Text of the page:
A New Psychotherapeutic 'Gold Standard' for Chronic Pain? (2024)

A single course of treatment with emotional awareness and expression therapy (EAET) was associated with a significantly greater reduction in chronic pain severity than cognitive-behavioral therapy (CBT), the current psychotherapeutic gold standard, a new study suggested.

Two thirds of the patients who received EAET reported at least a 30% reduction in pain compared with 17% of those who received CBT. The randomized clinical trial also showed that individuals with depression and anxiety responded more favorably to EAET, a novel finding.

The study is one of only a few to directly compare EAET with CBT.

"Most people with chronic pain don't consider psychotherapy at all," study investigator Brandon C. Yarns, MD, a staff psychiatrist at the VA Greater Los Angeles Healthcare System, and clinical professor of health sciences at the Department of Psychiatry and Biobehavioral Sciences, UCLA Health, told Medscape Medical News.

Although patients were allowed to continue medication for pain and other comorbidities during the study, those who received EAET "had larger improvements in pain, depression, and anxiety," Yarns said. "That suggests that the effect was due to the EAET."

The findings were published online on June 13 in JAMA Network Open.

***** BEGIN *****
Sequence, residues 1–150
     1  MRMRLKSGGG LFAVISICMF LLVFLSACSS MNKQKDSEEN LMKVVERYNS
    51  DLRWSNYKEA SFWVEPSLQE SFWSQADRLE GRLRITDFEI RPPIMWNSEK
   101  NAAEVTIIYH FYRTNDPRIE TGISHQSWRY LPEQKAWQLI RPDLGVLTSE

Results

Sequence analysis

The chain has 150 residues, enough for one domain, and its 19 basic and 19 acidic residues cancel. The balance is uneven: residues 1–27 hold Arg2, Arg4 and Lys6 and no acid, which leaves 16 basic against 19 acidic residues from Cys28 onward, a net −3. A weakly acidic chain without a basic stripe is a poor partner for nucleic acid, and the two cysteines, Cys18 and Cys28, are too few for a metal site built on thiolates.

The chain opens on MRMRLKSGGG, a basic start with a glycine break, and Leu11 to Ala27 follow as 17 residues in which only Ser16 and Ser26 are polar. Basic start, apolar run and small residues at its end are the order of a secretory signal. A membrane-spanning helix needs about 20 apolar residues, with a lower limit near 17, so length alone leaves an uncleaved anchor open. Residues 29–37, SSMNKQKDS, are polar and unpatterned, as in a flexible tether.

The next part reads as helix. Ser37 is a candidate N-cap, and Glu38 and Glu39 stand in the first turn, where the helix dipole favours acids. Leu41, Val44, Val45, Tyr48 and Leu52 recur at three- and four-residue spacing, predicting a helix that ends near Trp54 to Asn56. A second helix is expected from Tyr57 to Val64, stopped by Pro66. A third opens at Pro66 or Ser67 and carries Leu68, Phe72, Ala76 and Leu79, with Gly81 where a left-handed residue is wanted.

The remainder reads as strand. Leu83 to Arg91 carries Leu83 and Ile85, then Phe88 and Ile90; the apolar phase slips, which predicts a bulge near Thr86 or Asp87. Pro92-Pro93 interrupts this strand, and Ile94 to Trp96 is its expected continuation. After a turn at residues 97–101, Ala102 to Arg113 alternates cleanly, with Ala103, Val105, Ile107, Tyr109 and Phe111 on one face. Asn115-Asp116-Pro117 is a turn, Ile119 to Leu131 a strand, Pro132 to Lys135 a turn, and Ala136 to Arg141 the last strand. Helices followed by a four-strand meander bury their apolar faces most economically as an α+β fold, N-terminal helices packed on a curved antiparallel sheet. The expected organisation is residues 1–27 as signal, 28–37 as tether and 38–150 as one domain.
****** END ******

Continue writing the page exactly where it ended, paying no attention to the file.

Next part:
'Gold Standard'

EAET was first used in the early 2010s. In the therapy, patients are asked to recall a difficult or traumatic memory, engage in experiencing how the related emotions feel in the body, express those feelings in words, and release or let them go. They are taught that the brain's perception of pain is strongly influenced by the evasion of grief, fear, rage, or guilt, Yarns said.

This contrasts with CBT — considered the current gold standard for chronic pain — which teaches patients to improve the ability to tolerate pain though guided imagery, muscle relaxation, and other exercises and to adapt their thinking to change how they think about pain.

Although prior studies suggested EAET is effective in reducing pain in fibromyalgia and chronic musculoskeletal, pelvic, and head pain, most included primarily younger, female patients.

The research is the "first full-scale evaluation of EAET, to our knowledge, in a medically or psychiatrically complex, racially and ethnically diverse, older sample comprising predominantly men," investigators wrote.

The trial enrolled 126 veterans (92% men; 55% Black or African American) aged 60-95 years with at least 3 months of musculoskeletal pain. More than two thirds of patients had a psychiatric diagnosis, with about one third having posttraumatic stress disorder (PTSD). Almost all had back pain, and many had pain in multiple locations.

All services were delivered in-person at the US Department of Veterans Affairs Greater Los Angeles Healthcare System, Los Angeles. Half underwent CBT, while the other half received EAET.

Each patient had one 90-minute individual session and eight additional 90-minute group sessions.

Patients were asked to rate their pain using a 0-10 scale in the Brief Pain Inventory (BPI) before starting treatment, at the end of the nine sessions (at week 10), and 6 months after the sessions ended. Baseline BPI score for both groups was a mean of around 6.